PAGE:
Shop

Ideas

Design

Under construction: life in the middle of a renovation

The Renovators | construction

While the demolition phase of a renovation is messy, the construction phase can be stressy. Suddenly, you become the site manager of your own home. So how to stay sane when the end's in sight, but still feels a long way off? As part of our series The Renovators, exploring the main stages of a refurb project, Olivia Likosso talks dust, DIY and swerving ‘renowhelm’.

Exterior of Olivia's ex-council flat

Olivia loving that DIY life

As if being a full-time midwife wasn’t enough for Olivia Likosso, she’s currently renovating a two-bedroom ex-council flat in North West London. She bought the property with her boyfriend Rob in April 2019. “After finishing uni we both moved back in with our parents and opened a joint account to save for our future home on a monthly basis,” explains Olivia. Despite this, the purchase was unplanned. “We saw the flat on the market and joked about buying it. Being in such poor condition, we got it for a very good price.”

After obtaining planning permission and carrying out asbestos tests, they began demolition works - themselves. “I’ll never forget how dusty it would get,” recalls Olivia. “It was a complete nightmare.” They’re now in the construction phase with walls that a) actually exist and b) are freshly plastered. “It’s been stressful,” she admits. “I remember thinking there was no way we were ever going to get to the stage we’re at now.” So how did Olivia navigate so-called ‘renowhelm’? “It does get very overwhelming, especially when things aren’t in your control,” she says. “It’s so important you make light of the lows and embrace the journey.”


Fireplace before Vs after

The before

“It was a mess! That’s the easiest way to put it. A very botched-up ex-council flat, which hadn’t been touched in years. Horrible carpets and old wallpaper. The cables and plumbing work were all surface mounted - everything was unsafe. It needed so much love. But Rob saw the potential in the size of the property, the garden and the ideal location.”

That time when there was no ceiling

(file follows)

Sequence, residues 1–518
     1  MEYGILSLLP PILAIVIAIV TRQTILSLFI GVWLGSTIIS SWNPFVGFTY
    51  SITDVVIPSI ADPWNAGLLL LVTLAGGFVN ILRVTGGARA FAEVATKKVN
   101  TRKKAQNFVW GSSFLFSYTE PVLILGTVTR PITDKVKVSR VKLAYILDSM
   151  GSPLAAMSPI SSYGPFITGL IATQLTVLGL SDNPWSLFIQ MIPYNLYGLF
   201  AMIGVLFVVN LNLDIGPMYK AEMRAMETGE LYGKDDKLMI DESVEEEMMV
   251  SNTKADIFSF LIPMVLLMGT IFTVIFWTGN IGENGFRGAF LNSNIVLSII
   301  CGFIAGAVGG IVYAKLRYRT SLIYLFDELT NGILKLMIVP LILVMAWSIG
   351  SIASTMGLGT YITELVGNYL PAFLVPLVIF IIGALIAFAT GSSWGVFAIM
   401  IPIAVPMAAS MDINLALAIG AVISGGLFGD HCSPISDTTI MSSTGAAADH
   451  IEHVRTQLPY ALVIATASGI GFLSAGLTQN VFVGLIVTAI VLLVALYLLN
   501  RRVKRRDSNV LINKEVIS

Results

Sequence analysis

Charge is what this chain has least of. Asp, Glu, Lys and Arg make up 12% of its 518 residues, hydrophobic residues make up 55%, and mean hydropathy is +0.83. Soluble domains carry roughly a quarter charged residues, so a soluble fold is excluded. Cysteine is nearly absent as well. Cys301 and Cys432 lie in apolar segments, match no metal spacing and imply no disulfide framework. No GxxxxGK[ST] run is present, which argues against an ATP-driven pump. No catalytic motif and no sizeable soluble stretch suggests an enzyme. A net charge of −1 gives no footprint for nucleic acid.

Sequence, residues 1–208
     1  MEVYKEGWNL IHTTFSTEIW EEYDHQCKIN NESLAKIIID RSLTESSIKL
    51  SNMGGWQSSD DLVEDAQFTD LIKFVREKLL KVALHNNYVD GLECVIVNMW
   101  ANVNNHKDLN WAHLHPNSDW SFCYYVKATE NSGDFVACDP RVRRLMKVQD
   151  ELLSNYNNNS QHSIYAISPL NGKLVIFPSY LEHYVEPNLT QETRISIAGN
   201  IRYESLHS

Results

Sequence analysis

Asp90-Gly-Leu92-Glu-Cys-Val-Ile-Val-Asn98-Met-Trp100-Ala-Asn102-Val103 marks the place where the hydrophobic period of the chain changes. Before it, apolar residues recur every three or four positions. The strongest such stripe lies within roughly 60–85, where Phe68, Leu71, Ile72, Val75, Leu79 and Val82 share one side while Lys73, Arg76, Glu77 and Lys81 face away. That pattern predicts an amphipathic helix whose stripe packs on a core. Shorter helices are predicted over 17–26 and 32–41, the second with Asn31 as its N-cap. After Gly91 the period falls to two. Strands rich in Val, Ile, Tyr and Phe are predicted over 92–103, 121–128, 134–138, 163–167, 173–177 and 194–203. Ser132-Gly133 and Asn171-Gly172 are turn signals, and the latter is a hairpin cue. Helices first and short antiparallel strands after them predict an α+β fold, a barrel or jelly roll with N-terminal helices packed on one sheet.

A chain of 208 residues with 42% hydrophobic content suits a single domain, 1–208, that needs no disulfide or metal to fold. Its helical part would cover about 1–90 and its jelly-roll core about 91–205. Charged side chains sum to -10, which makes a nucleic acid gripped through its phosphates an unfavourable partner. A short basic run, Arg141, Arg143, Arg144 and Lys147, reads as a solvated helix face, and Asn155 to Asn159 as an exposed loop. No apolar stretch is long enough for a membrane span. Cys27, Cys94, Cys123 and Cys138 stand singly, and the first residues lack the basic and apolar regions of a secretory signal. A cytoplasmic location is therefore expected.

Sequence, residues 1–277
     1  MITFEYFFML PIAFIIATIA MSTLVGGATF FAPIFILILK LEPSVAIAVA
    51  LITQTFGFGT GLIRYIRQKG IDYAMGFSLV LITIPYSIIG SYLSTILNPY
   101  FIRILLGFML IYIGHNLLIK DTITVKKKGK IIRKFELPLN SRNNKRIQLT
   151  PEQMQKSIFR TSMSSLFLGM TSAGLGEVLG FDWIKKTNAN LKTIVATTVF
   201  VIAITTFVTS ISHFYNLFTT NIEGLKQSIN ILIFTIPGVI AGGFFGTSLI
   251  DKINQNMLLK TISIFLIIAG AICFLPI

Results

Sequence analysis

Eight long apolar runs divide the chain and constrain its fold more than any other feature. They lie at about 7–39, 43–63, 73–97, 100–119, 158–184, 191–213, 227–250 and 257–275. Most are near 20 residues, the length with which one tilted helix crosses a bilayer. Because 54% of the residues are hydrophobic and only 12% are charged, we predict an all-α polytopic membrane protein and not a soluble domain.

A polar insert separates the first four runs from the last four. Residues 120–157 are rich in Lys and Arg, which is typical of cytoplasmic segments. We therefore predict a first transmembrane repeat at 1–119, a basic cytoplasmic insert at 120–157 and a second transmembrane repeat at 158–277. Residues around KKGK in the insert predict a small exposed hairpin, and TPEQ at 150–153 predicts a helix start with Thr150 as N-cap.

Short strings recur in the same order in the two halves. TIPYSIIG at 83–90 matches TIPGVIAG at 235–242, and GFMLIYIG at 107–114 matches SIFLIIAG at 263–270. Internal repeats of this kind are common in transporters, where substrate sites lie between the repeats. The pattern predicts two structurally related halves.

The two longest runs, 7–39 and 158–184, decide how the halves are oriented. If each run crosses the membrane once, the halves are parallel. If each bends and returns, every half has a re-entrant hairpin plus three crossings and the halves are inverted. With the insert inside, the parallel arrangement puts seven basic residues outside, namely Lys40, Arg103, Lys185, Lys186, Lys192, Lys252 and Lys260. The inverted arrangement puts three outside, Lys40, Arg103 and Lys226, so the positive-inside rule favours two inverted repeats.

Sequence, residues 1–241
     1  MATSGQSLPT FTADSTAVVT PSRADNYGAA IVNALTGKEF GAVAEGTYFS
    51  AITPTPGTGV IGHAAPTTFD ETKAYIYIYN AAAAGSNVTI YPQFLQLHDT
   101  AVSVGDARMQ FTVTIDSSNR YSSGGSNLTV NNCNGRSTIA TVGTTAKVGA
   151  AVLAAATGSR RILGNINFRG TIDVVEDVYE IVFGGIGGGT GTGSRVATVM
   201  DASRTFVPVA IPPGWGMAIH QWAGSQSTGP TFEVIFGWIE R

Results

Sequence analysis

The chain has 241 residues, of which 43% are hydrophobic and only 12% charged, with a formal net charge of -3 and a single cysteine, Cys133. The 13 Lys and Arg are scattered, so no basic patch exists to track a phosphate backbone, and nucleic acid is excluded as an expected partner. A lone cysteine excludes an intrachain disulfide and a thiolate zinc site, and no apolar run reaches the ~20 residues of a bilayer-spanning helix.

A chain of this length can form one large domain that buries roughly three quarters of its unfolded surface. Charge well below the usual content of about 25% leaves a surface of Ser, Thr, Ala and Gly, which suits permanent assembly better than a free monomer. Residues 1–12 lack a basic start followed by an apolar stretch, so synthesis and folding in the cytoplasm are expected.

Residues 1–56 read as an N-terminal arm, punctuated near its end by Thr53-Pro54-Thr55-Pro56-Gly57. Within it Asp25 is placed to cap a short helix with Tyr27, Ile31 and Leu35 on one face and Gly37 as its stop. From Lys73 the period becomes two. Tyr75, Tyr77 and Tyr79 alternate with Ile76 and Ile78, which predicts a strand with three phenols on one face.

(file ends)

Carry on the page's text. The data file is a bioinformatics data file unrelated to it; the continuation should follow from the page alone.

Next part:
The budget

“My tips for saving up to buy a property? Set yourself a goal and a monthly budget. Avoid unnecessary spending - that means no date nights for a while, and strictly no Uber Eats or Deliveroo. We’ve avoided getting extra loans and credit cards for the renovation - but I know everyone does it differently. We’re taking it one month at a time.”

“I’ve never done anything like this in my life. I’d repainted my room a few times at my mum’s house, but nothing as intense as this. When it got too much for me, I’d take a break from it all for a couple weeks.”

Living room before works commenced

The time frame

“I didn’t think we’d ever get to this point of our renovation - I find myself staring at before and after pictures for ages! There’s still a lot to do, including getting the kitchen and bathroom installed, and doing flooring, plumbing and electrics, but it’s nice to at least have one room ‘semi’ complete. Everything should be finished by the end of the year, if all goes well.”

Olivia measuring up

The lows

“Renovating a house from scratch takes a lot of patience and perseverance. There were plenty of times I felt like giving up, especially at the demolition phase – the dust just gets too much. That’s one of the main reasons I chose to stay at my mum’s, because I genuinely don’t think I could handle living in a half-renovated flat while working shifts.”

Testing out wall colours

The living room taking shape

The advice

Olivia on nailing construction:

Set the mood

“I’ve had an inspiration moodboard for at least ten years. Because who doesn’t create one for their first home, before they’ve even bought it? It’s just like planning your wedding from the age of five - yes, I am that girl!”

Get (really) organised

“A lot of organising goes into renovating; you’re literally the project manager of your own home (more on that here). Creating Excel spreadsheets, speaking to family and friends and setting a budget for the month helped me. It’s a good idea to have a planner where you can write out a timeline and contact numbers.”

Give it a go

“We saved a lot of money by doing the demolition, tiling and painting ourselves. Google became my best friend! We also hired ‘wait and load’ skips - the container remains outside for an hour while you bring all the rubbish down, instead of hiring a skip to stay for a few days.”

Talk to your tradespeople

“Don’t be afraid to interview potential tradespeople. Before getting the whole flat replastered, we saw about ten different people, got quotes from each of them, and went for the person we got good vibes from. We’re also fortunate that the electrician, plumber and carpenter are close friends of ours.”

Document the journey

“Having before and after pictures of the transition will always be something I cherish; they’re a nice reminder of how far we’ve come. It’s been such a life-changing experience and I’ve learnt so much along the way. It’s addictive - we’ll definitely renovate our future home!”

Article written by: Natalie Wall | Imagery by: @renovating_cheznous

Enjoyed reading this? You'll love our newsletter:

This is a required field

Please enter a valid email address. For example johndoe@domain.com.

Related stories

Minimalist bedroom makeover? Here’s how.

Dream on

Read More

A project manager’s (efficient) guide to decorating

Done, done aaand done

Read More